Despite the rhetoric, the two sides can still negotiate as their legal options unfold, and the fight doesn't seem big enough for either owners or players to risk losing regular-season games, three sports business experts said in recent weeks. But they also forecast a long court fight before the league and players face the kind of deadline pressure that can prompt a deal.
"The next deadline, and I don't know that it's written in stone, would be reaching an agreement before any regular-season games are impacted," said Gabe Feldman, director of the Tulane sports law program.
Scott Rosner, a sports business professor at the Wharton School of the University of Pennsylvania, said a deal seems most likely in July or August, "enough time to save the season."
That's when the most financial pressure mounts. Owners don't expect to begin losing consequential sums of money until late summer and players face their largest losses if they begin missing game checks in September.
Rosner, Feldman, and Michigan sports business professor Rodney Fort all said the NFL is so healthy that it doesn't make sense for either side to fight so long that regular-season games are lost and severe damage is risked.
"Ultimately in the sports industry, certainly, and a lot of others as well, you do not have a work stoppage unless one of the parties is seeking a sea change," Rosner said.
The NFL spat "seems only about fighting over who gets what out of the pie," Fort said. "Fundamental issues are not there."
Even on the revenue divide, the biggest issue of them all, the sides did not seem that far apart Friday. The owners' last offer asked players to give up $320 million a year; the players said they offered $550 million over four years - about $137.5 million per year.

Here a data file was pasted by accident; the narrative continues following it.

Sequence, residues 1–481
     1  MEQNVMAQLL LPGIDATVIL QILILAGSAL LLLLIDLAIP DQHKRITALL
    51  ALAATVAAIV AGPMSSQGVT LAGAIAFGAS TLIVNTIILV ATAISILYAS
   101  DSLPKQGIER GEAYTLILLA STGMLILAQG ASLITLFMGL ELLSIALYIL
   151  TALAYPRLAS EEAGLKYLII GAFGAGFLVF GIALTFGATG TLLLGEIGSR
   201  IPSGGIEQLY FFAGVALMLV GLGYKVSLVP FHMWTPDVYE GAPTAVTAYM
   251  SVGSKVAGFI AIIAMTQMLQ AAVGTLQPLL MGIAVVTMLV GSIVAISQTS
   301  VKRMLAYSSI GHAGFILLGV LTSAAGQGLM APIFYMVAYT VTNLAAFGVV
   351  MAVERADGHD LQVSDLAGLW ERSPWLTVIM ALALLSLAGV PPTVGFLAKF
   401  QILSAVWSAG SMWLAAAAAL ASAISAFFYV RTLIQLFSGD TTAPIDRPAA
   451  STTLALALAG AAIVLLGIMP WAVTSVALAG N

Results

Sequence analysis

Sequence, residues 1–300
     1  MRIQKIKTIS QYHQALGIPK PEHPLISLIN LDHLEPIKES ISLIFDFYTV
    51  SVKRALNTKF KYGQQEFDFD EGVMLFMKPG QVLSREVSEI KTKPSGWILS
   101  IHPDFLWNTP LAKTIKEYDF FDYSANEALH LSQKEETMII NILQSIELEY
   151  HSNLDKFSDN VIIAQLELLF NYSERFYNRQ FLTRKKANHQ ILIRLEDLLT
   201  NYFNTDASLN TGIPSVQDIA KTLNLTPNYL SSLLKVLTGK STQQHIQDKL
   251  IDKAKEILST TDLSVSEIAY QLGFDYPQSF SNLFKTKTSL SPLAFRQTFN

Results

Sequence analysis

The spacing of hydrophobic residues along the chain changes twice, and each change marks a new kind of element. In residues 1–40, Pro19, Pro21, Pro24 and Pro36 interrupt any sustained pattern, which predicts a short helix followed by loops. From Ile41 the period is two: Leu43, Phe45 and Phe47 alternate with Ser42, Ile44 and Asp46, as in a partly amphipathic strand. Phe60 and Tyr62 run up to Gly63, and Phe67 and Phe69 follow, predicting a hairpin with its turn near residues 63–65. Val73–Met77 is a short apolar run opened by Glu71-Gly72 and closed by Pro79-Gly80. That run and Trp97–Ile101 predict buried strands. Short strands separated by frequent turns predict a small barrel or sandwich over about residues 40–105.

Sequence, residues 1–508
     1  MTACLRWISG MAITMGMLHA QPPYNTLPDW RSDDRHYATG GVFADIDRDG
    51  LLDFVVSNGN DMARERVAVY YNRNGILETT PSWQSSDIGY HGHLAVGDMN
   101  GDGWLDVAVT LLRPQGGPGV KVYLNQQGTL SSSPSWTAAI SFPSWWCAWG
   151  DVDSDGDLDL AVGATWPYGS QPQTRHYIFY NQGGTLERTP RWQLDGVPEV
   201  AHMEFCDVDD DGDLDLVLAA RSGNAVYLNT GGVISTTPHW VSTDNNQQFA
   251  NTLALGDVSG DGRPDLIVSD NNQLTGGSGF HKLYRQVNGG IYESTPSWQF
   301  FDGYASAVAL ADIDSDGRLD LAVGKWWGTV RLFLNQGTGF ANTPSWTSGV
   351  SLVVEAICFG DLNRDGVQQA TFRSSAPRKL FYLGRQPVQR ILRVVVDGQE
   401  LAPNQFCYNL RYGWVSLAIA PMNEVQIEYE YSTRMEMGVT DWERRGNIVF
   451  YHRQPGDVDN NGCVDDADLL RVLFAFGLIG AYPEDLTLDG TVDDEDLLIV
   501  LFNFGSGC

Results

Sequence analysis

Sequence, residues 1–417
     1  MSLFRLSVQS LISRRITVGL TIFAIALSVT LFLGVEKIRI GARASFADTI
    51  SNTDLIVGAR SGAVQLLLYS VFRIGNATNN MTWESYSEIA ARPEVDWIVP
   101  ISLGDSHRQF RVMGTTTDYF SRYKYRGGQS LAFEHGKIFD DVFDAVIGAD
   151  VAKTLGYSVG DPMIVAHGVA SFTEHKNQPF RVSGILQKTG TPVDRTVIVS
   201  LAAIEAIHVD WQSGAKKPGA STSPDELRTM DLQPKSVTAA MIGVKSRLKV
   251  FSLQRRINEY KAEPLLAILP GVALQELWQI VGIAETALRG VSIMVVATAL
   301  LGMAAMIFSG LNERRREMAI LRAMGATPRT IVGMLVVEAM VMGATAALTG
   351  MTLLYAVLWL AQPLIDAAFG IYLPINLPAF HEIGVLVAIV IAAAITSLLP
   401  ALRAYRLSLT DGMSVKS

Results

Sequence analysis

The academic experts were interviewed for this story in the days before the original March 3 collective bargaining agreement deadline. While extensions delayed the union decertification and league lockout, the legal steps played out as forecast. What comes next is hazy.
The lockout halts league business and player movement, except for April's draft. Both sides will now try to score court wins that could build leverage.
If a lockout is blocked, owners could be forced to impose new work rules, and the players would challenge the rules with an antitrust suit, threatening treble damages, but NFL business and games would proceed as the court fight played out.
The league, however, will challenge the union decertification in an attempt to make the lockout stick and protect itself from antitrust claims. If the league wins, or an injunction is overturned on appeal, business could stop until a deal is reached.
Players have long accused the owners of seeking a lockout, but the NFL said its hand was forced.
"The union's abandonment of bargaining has forced the clubs to take action they very much wanted to avoid," the league said in its statement. "The league has informed the union that it is taking the difficult but necessary step of exercising its right under federal labor law to impose a lockout of the union."
The statement added, "The clubs believe that this step is the most effective way to accelerate efforts to reach a new agreement without disruption to the 2011 season."
Contact staff writer Jonathan Tamari at 215-854-5214 or firstname.lastname@example.org.
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